Bobby Blanski, a former A&F model, says, “They literally made so much money marketing clothes. But advertising them with no clothes on.” But that made sense, since “the clothes themselves were nothing special,” according to Alan Karo, an Abercrombie fashion marketing and advertising executive. It was the label, the brand, the club, the cult. The journalist Moe Tkacik recalls that the first time she walked into an Abercrombie outlet, she said to herself, “Oh my God, they’ve bottled this. They have absolutely crystalized everything that I hate about high school and put it in a store.”
There’s a dimension of the Abercrombie story that has a perverse parallel with the movie industry. In his seminal book “Empire of Their Own,” Neal Gabler captured how the moguls who created Hollywood were, in no small part, forging an onscreen identity that was the opposite of their own — a white-picket-fence America of idealized WASP conformity. You could argue that on a karmic level, because those moguls were Jewish, they envisioned that other world as a kind of dream, and thus elevated it into a mythology.
Something comparable went on in America with youth fashion. Preppies, and the preppy look, had been around for decades. But the preppy as signifier, as advertising icon, as the image of who everyone wanted to be didn’t come to the fore until the 1980s. The counterculture had been a scruffy, literally hairy affair; the ’80s, throwing over all that moralistic rebellion-against-the-system stuff, would be sleek, shaved, and beige. The new rebel, like Tom Cruise in “Top Gun” or Charlie Sheen in “Wall Street,” was a rebel precisely because of how wired he was into the system: of military hardware, of finance, of high living. (He drove a fuck-you Porsche.) The WASP preppy culture that become a new symbol of cool was spearheaded, on the fashion front, by that trilogy of designer-mogul giants, Calvin Klein, Ralph Lauren, and Tommy Hilfiger. Two of them were Jewish, and so was Bruce Weber, the legendary photographer who created the exclusionary youths-romping-in-nature-with-a-golden-retriever image of Abercrombie’s “Triumph of the Will” meets Chippendale’s aesthetic.
Were the Abercrombie & Fitch adds homoerotic? Yes and no. Weber, like Calvin Klein, was gay (and so was CEO Mike Jeffries), and on some level the ads were suffused with homoerotic sensation. But it’s not as if their effect was limited to that gaze. What was more important to the Abercrombie essence is that by the late ’90s, the preppy-as-icon had become a signifier of the one percent. This is part of what you were aspiring to when you bought into the Abercrombie lifestyle, which promised a golden ticket out of the doldrums that defined everyone else.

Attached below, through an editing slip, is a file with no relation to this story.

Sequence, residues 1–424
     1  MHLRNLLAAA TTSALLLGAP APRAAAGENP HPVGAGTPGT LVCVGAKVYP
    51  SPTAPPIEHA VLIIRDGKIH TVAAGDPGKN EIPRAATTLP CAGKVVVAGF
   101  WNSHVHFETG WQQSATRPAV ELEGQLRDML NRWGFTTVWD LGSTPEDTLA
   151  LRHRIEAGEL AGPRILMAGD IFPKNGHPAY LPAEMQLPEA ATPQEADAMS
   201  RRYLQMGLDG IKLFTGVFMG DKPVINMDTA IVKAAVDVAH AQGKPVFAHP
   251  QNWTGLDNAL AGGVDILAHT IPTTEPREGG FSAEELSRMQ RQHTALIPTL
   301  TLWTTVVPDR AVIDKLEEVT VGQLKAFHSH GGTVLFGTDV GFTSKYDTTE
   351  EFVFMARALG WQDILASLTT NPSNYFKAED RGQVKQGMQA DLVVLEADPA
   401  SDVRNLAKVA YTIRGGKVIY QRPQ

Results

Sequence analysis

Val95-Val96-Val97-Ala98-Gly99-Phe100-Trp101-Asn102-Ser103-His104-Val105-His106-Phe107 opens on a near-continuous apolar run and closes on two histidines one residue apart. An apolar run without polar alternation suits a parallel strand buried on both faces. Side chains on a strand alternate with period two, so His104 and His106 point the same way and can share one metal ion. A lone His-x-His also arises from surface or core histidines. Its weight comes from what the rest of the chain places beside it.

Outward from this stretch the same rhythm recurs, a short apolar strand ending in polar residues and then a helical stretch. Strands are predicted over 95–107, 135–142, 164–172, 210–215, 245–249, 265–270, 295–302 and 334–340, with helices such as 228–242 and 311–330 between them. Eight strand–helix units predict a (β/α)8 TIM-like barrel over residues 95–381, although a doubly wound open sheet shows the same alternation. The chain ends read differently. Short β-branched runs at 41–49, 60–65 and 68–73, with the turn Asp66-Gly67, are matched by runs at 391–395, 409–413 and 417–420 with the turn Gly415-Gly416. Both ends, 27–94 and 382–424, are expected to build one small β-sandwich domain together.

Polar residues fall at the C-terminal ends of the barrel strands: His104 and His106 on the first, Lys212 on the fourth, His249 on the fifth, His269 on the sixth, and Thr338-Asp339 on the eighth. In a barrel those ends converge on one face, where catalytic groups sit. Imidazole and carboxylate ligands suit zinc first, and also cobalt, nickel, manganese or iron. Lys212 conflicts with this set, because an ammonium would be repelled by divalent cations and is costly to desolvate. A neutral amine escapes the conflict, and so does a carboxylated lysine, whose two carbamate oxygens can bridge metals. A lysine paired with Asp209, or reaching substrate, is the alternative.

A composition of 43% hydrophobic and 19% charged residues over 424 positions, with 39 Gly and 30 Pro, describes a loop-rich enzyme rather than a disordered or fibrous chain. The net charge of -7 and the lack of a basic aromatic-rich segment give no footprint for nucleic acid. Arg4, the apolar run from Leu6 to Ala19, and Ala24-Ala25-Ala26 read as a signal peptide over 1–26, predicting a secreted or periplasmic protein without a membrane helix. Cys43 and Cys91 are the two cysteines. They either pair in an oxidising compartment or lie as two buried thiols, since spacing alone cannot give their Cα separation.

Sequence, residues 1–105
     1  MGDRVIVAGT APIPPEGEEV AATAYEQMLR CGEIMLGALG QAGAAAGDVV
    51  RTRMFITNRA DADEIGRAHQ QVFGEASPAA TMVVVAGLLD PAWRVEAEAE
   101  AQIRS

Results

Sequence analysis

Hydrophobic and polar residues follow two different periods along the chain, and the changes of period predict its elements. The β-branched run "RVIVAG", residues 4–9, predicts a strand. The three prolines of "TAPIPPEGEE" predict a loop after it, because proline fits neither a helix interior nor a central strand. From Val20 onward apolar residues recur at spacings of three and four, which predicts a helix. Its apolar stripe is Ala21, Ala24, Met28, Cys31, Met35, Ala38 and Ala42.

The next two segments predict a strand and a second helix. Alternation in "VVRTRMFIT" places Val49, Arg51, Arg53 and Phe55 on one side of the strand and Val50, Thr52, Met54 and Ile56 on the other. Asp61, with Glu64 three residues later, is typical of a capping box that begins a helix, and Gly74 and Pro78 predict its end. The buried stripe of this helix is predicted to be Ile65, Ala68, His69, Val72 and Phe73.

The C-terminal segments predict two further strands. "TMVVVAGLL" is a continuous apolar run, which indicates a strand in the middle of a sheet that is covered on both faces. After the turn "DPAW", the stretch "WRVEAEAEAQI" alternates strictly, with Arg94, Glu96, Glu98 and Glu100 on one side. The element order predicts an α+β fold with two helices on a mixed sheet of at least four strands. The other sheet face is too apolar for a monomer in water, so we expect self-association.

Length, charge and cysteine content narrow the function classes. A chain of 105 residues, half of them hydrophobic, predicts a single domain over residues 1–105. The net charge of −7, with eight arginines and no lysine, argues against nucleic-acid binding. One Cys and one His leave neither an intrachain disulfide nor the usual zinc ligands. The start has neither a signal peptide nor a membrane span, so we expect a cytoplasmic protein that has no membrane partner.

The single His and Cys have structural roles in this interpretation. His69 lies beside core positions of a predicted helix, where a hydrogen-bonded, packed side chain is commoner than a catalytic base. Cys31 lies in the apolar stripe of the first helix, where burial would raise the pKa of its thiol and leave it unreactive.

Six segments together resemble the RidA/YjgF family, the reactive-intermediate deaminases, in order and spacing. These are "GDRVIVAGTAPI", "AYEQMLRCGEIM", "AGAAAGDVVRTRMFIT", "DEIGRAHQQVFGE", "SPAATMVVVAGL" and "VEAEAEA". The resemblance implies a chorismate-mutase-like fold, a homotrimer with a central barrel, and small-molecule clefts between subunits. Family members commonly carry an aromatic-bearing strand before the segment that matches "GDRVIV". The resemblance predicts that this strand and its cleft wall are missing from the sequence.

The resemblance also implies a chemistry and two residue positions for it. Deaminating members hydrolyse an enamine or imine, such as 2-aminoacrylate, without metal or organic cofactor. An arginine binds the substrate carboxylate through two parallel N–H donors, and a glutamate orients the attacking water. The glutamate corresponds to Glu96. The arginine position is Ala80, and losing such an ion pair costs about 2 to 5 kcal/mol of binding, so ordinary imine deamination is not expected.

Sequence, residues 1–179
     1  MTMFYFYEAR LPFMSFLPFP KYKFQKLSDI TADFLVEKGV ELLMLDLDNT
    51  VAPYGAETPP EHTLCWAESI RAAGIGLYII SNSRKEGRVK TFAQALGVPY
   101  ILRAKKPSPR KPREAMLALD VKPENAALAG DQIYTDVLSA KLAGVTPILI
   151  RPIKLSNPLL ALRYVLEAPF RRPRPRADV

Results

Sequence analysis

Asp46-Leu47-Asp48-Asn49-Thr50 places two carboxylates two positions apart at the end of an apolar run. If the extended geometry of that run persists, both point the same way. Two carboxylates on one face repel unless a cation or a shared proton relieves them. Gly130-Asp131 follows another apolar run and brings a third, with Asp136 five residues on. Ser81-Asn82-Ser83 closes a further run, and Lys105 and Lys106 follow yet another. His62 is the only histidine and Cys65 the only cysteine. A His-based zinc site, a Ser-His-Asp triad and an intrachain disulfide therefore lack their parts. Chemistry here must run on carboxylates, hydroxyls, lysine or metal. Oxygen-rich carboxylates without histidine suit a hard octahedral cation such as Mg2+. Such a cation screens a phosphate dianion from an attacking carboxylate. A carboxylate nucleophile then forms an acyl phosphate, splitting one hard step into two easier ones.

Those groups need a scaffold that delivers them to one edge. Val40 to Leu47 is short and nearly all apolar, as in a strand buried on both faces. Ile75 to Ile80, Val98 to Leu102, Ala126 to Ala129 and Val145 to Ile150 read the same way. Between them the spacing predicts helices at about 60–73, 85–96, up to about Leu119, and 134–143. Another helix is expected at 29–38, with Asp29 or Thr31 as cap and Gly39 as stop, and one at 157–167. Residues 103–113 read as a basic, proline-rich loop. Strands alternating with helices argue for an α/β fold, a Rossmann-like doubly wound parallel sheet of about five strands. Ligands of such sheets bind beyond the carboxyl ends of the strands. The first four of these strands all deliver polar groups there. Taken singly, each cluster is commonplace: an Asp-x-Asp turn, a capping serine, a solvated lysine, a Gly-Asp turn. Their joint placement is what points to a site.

What Klayman captures in the documentary, right from its jaunty cut-out-and-punk-bubblegum opening-credits sequence, is that far more than the fashion labels that paved the way for it, Abercrombie & Fitch became pop culture. And you could chart its rise and fall through pop culture. The definitive sign that the brand had become larger-than-life arrived when LFO referenced it in its 1999 hit of hip-hop nostalgia, “Summer Girls,” with the line “I like girls that wear Abercrombie & Fitch,” which did for A&F what Sister Sledge’s designer shout-out in “He’s the Greatest Dancer” in 1979 (“Halston, Gucci…Fiorucci”) did for the fashion revolution of the ’80s. There was a dumb-lunk misogynistic poetry to the LFO line, which should have read “I like girls WHO wear Abercrombie & Fitch.” But by sticking with referring to women as “that,” the line inadvertently caught the essence of the A&F mystique. Namely: I like objects wearing objects.